Read on for the best places to visit in the UK outside of London. You won’t have time to visit everywhere, so we’ve hand selected our top 10!

Bath

Best places to visit in the UK outside of London - depicts Bath river and buildings

Bath is one of Britain’s most appealing cities. It’s retained its age-old heritage of Roman and Georgian architecture, and you can walk the whole city on foot within a few hours. The main attraction to Bath is its beautiful buildings, cultural museums and quaint tearooms. It’s a pretty place to visit with your partner and it has a distinct lack of big city buzz – which we love!

The top thing to do here is a visit to the ancient Roman baths. This collection of heated baths will relax you and have you feeling like Roman royalty in astoundingly impressive surroundings. On an evening, take a trip to the theatre or dine in one of the top-class restaurants. Nightlife here is relaxed but fun!

Top tip: Hotels in Bath can be pretty expensive as it’s a small but popular city. Stay in an Airbnb just outside of Bath to enjoy the countryside views and save money.

Top things to see or do:

  • Roman Baths
  • Prior Park and Royal Victoria Park
  • Royal Crescent & The Circus architecture

York

Best UK cities - York old city streets

If you’re heading north (and you definitely should), the legendary city of York should be one of your first ports of call. This compact city centre has the remains of the iconic York castle, which was built by William the Conqueror in 1068. Wandering around York, you’ll find cobbled streets and alleyways, lively corner pubs and a weekend market full of craft and food stalls.

Spend your days visiting museums and learning about the history of the city, which has a strong Viking heritage. There’s also plenty of shops, bars and restaurants to check out, each bearing a rustic atmosphere that will feel like you’re drinking a pint of beer in the middle ages. We particularly like the gift shops in York so be sure to buy a few souvenirs for the family back home. An ‘old fashioned’ sweet shop is also a must-visit!

Top tip: Have breakfast or lunch at Betty’s Tea Rooms. This exquisite Yorkshire café is famous in the area and well worth experiencing. Arrive early to beat the queues.

Top things to see or do:

  • The Shambles streets, market, pubs and shops
  • York Castle Museum
  • National Railway Museum

Edinburgh

Depicts aerial view of Edinburgh city - Top UK cities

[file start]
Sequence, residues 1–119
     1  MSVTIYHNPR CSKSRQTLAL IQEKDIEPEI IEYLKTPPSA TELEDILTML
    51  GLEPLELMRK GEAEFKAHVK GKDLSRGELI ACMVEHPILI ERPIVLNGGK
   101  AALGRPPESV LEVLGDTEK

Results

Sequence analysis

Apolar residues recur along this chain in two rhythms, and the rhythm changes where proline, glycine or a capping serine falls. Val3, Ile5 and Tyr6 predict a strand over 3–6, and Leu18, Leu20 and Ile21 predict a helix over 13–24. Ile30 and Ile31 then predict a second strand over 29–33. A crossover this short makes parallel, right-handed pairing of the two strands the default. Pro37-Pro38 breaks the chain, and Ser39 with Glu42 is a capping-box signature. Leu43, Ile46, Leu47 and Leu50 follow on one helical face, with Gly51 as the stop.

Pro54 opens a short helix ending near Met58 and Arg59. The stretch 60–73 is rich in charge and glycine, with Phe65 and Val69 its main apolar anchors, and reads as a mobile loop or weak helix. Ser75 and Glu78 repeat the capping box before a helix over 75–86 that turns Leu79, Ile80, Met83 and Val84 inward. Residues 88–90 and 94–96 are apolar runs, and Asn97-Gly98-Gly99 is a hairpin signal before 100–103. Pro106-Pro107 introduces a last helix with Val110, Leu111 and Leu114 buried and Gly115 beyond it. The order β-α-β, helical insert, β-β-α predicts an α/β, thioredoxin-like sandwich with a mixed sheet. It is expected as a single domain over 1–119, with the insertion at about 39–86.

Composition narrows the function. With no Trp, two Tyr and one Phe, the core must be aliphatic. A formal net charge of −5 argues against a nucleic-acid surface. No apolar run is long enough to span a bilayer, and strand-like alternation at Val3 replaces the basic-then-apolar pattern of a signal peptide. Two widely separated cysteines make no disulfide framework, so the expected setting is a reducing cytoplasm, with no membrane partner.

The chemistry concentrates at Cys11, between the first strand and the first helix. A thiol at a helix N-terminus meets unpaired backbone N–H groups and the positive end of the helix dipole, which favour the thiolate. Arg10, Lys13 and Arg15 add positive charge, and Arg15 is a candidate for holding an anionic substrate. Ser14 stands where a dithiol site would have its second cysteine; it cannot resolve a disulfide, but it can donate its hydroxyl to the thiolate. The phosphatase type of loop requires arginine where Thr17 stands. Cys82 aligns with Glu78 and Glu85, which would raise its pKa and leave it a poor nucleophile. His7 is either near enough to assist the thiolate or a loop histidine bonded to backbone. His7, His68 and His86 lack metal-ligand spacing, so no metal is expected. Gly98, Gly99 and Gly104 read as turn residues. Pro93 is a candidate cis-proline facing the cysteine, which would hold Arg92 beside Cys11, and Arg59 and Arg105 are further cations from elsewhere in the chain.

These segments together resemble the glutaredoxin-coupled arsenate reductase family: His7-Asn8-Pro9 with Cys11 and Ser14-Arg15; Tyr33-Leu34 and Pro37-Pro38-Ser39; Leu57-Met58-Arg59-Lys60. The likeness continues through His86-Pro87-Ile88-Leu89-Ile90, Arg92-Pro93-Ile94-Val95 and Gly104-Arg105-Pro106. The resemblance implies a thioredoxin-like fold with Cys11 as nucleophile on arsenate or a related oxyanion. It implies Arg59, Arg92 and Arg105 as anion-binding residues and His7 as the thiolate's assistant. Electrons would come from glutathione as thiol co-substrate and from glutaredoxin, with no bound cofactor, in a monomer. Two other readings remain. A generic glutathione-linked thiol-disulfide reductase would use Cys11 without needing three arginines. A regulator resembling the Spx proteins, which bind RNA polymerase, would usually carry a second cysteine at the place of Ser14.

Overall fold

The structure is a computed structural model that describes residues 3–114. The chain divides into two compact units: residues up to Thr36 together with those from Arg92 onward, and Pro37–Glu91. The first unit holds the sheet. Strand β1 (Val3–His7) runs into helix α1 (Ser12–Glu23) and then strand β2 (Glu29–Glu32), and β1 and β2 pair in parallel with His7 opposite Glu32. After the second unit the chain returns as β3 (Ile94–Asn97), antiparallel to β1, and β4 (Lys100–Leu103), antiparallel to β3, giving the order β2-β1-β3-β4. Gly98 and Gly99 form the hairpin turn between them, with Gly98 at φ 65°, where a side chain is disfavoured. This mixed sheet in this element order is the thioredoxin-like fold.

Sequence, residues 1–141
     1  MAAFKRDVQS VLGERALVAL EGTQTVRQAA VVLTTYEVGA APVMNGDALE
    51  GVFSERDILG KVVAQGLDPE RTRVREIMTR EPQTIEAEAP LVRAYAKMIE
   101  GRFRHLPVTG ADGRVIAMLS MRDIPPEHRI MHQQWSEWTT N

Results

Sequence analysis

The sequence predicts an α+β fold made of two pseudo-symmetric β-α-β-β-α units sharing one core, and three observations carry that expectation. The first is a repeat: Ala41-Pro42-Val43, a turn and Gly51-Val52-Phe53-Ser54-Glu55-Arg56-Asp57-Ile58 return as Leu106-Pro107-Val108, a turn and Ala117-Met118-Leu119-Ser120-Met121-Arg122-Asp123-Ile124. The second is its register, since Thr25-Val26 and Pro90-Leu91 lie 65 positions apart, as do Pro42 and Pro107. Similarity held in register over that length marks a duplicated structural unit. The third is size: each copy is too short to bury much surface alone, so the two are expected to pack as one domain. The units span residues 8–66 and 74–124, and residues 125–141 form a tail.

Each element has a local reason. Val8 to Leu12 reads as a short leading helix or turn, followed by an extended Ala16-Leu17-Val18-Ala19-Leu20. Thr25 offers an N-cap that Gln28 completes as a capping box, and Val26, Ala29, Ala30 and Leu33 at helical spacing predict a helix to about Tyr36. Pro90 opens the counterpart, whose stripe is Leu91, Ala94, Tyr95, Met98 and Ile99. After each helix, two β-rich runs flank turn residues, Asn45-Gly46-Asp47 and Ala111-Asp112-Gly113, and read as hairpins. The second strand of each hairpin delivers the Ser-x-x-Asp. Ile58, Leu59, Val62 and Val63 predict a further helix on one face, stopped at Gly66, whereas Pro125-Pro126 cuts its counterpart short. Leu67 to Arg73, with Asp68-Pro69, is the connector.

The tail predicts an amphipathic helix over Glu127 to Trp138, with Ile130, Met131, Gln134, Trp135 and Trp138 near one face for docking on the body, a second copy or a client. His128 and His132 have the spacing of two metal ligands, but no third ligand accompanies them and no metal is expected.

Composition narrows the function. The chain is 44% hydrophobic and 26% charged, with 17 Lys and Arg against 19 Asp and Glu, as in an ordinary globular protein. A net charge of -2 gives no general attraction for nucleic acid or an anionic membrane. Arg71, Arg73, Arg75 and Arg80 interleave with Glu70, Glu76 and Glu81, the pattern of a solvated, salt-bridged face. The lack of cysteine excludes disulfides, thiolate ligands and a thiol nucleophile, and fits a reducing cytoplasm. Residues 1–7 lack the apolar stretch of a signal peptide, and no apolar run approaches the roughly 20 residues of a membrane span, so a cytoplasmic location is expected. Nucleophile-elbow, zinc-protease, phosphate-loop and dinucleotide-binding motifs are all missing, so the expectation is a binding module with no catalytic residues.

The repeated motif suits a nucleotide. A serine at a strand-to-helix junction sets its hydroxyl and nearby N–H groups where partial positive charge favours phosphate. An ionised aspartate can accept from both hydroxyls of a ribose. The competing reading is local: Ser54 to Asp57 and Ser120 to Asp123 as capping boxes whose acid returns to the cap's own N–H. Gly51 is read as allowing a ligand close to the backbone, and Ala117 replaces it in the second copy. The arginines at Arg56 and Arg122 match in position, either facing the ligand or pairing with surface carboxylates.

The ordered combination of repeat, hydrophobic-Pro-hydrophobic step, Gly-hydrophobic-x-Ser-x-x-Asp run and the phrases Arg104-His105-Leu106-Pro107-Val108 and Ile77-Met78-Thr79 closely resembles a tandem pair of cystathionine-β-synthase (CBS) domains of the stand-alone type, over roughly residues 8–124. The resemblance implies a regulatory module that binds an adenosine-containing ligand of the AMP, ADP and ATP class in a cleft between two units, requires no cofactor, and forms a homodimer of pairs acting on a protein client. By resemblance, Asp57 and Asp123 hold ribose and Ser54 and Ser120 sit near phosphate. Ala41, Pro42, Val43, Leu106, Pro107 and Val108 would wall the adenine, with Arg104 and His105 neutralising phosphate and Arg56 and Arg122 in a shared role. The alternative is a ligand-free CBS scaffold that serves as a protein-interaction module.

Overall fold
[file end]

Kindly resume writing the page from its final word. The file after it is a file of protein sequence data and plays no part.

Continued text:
Deciding whether to visit Glasgow or Edinburgh can be a tough choice as both cities are great and have their own unique attraction. We picked Edinburgh as it has the most attractions and historic sites to visit and it’s more of a tourist city than neighbouring Glasgow. Noted as one of the best cities in Europe, Edinburgh is a must-see for anyone. The welcoming and down-to-earth warmth of the Scottish people can be felt throughout the city and there’s lots to see and do.

Uncover top sites such as the castle, multiple world-class museums and bustling centre full of markets, festivals, bars and restaurants. Head to Arthur’s Seat viewpoint for sunset and experience amazing views of the city to end your stay here. The best time to visit Edinburgh is during the month of August, where the Fringe festival brings the city alive with comedy, film and celebration!

Top tip: Join a free city centre walking tour to discover the background stories behind the main sites and city areas.

Top things to see or do:

  • Edinburgh Castle and gardens
  • Holyrood Park and Arthur’s Seat viewing point
  • Royal Yacht Britannia

The Lake District

Depicts valleys and a lake in the Lake District - Best places to visit in the UK outside of London

The UK may be known for its historic cities, but it also has rich green countryside and stunning rural landscapes. The Lake District to the north-west of England boasts some of the best scenery on offer! As a UNESCO World Heritage Site and the UK’s largest national park, it attracts over 15 million visitors a year and we can definitely see why. The Lakes are a welcome escape from city life, making it one of the best places to visit in the UK outside of London for countryside and scenery.